Faculty advisers and journalism ethicists have rushed to frame
the discussions with students over handling the images in their own
For the most part, news organizations—including the Chicago Tribune—have
decided it is enough to write about the cartoons and their aftermath
without publishing them. Only two major U.S. newspapers have run the
cartoons, the Philadelphia Inquirer and the American-Statesman in
The nature of the offensiveness alone creates a significant barrier
to publishing or republishing the image, even if you can justify the
original publication, which I think is not easy to do, said ethicist
Bob Steele of the Poynter Institute for journalism.
Meanwhile, the Daily Illini's suspended editor, Acton Gorton, on
Wednesday hired a Chicago-based Muslim-American civil rights attorney,
Junaid Afeef. Gorton said he was defamed by the Illini's retraction
editorial, which blamed the decision to publish the cartoons on a
I just want to make sure I have good representation for whatever
happens now, Gorton said. My career is in jeopardy.
The Daily Illini backlash was fresh in the minds of editors at NIU,
where the Star's editorial board decided to publish the political
cartoons last Thursday, but postponed doing so until Monday. Officials
said they delayed to look into copyright questions about re-publication.
But it was just as well they waited, Wright said. The reaction in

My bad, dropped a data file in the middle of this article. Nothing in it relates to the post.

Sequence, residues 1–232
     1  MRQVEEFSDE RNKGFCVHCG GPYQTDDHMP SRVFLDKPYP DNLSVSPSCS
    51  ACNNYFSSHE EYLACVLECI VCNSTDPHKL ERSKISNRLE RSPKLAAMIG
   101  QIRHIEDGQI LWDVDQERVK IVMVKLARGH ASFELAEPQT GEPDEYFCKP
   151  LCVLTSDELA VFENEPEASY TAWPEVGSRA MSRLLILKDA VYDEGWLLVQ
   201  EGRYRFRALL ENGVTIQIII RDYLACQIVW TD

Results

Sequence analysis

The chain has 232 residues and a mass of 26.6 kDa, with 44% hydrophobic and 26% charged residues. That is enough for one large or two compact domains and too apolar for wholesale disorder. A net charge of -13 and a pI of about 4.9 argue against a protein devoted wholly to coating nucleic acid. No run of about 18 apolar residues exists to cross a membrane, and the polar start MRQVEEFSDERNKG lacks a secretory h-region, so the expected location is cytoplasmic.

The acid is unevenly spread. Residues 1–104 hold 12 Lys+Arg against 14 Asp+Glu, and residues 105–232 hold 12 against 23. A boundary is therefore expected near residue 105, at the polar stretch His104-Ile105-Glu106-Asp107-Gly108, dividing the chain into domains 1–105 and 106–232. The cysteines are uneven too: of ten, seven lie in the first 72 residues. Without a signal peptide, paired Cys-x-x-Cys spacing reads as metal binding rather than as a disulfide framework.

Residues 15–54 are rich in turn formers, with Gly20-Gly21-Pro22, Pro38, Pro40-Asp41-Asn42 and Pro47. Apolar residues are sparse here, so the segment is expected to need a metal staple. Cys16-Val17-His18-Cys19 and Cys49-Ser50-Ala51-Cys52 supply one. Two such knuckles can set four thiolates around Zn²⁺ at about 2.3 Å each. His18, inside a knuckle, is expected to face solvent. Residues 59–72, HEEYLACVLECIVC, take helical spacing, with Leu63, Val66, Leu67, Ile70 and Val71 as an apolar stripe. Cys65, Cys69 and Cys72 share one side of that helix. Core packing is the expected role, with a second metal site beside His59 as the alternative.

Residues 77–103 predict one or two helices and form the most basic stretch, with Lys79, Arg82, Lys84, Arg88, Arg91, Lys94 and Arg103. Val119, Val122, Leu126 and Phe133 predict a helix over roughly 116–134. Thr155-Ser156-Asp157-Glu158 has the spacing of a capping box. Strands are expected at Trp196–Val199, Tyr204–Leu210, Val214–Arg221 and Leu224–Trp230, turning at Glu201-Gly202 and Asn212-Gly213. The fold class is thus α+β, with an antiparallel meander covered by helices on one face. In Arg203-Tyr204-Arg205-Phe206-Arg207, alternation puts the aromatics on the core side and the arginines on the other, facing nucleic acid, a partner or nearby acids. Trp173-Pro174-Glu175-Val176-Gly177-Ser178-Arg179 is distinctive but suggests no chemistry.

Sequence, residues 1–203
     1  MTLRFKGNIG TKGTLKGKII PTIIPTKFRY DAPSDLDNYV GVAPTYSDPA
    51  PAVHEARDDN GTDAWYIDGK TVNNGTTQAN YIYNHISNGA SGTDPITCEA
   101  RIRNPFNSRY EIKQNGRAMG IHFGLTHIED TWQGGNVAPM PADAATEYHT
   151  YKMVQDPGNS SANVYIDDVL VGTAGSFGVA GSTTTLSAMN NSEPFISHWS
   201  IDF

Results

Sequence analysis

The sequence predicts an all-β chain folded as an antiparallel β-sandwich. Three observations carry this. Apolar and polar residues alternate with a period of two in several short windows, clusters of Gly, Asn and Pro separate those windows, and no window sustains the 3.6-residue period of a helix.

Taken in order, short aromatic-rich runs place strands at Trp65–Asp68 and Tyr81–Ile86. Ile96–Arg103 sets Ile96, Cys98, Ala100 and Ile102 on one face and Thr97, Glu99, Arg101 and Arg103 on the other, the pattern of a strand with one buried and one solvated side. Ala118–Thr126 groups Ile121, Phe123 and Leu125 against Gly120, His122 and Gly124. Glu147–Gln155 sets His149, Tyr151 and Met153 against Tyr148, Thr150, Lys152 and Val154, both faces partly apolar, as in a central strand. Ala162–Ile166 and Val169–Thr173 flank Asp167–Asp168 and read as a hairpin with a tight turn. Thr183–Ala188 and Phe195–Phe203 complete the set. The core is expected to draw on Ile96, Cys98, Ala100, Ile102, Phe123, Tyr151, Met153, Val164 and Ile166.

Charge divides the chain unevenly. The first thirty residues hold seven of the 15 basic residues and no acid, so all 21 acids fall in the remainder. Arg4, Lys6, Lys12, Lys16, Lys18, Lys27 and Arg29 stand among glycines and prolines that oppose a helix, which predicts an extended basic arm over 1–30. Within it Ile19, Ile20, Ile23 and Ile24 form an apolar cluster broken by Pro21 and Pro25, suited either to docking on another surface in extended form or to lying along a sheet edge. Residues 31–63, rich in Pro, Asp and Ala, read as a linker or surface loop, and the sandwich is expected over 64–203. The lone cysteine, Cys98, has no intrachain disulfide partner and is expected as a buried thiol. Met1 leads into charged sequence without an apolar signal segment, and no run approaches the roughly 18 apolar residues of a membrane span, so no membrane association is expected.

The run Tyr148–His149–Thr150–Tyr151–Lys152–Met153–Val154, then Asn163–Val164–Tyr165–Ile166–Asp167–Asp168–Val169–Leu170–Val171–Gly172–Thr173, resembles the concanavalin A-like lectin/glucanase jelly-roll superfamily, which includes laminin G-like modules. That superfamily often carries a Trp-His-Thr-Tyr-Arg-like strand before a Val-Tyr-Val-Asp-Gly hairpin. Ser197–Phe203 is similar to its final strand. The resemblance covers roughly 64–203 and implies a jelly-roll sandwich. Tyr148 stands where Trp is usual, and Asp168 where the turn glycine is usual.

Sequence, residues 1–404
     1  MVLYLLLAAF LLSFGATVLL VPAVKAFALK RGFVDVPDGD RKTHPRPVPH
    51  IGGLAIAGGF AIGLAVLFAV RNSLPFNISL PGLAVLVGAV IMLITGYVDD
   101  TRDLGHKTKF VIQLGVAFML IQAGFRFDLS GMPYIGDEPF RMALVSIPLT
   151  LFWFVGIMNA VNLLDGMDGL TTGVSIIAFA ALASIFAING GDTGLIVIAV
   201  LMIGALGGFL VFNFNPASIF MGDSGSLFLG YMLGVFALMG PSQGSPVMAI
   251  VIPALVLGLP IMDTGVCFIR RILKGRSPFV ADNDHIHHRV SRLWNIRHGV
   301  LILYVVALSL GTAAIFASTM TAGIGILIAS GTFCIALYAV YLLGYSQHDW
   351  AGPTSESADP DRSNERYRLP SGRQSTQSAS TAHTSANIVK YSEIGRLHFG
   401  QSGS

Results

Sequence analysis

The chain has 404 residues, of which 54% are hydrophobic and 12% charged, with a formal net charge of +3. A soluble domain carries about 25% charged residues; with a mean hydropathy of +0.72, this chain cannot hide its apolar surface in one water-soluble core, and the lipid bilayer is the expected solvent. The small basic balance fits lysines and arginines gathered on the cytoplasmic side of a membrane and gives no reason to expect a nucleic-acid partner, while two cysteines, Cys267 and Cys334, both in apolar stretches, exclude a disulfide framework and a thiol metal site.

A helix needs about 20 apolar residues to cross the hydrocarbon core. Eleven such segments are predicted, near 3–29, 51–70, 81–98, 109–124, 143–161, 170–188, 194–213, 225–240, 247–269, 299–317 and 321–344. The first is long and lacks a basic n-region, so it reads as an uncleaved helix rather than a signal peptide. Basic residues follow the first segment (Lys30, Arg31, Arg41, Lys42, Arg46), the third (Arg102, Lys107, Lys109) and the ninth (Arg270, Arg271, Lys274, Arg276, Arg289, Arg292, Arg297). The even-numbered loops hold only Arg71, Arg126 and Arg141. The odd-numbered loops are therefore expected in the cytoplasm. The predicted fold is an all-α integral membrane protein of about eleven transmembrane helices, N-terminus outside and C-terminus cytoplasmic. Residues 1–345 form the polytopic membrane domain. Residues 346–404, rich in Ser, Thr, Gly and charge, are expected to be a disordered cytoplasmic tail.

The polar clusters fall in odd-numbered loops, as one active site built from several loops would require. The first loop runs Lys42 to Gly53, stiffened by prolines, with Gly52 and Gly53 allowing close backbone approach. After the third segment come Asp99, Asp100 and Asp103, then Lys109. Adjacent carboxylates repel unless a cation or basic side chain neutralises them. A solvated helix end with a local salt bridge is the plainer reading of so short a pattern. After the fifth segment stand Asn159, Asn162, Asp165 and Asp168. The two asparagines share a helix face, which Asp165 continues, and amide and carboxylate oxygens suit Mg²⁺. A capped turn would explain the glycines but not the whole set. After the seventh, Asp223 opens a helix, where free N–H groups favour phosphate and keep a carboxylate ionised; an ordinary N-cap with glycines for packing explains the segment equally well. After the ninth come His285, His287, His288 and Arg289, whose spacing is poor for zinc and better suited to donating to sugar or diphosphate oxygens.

Champaign prompted them to rethink how to present the material.
The 12 cartoons were run inside on Page 3 of the tabloid paper, with an
editorial headlined "More Than Cartoons" on the front page. Alongside
the cartoons, an article explained the controversy and student opinions.
On Page 8, the Star ran an opinion column from a student Muslim group
explaining objections to the images.
Feedback on the decision has been split, said Wright and Jim Killam, the
paper's adviser. Some people, including Muslims, said they objected to
the cartoons but appreciated the newspaper's muted presentation.
Tolerating Italian Fashion
At least nine people were reported dead in the Libyan city of Benghazi
after a mob set fire to the Italian consulate.
More than 1,000 protesters set upon the mission, setting cars alight and
breaking windows, apparently angered by a minister in Silvio
Berlusconi's government who has said he intends to wear T-shirts bearing
some of the cartoons.
An Italian consular official said nine protesters had been killed and
several more had been wounded as armed police clashed with the crowd.
State television showed part of the consulate on fire.
Italian state-owned RAI television said six members of the consular
staff were trapped inside, but unhurt. RAI said anger mounted at the
actions of Roberto Calderoli, the minister for constitutional reform,
and a leading member of the xenophobic Northern League. Earlier this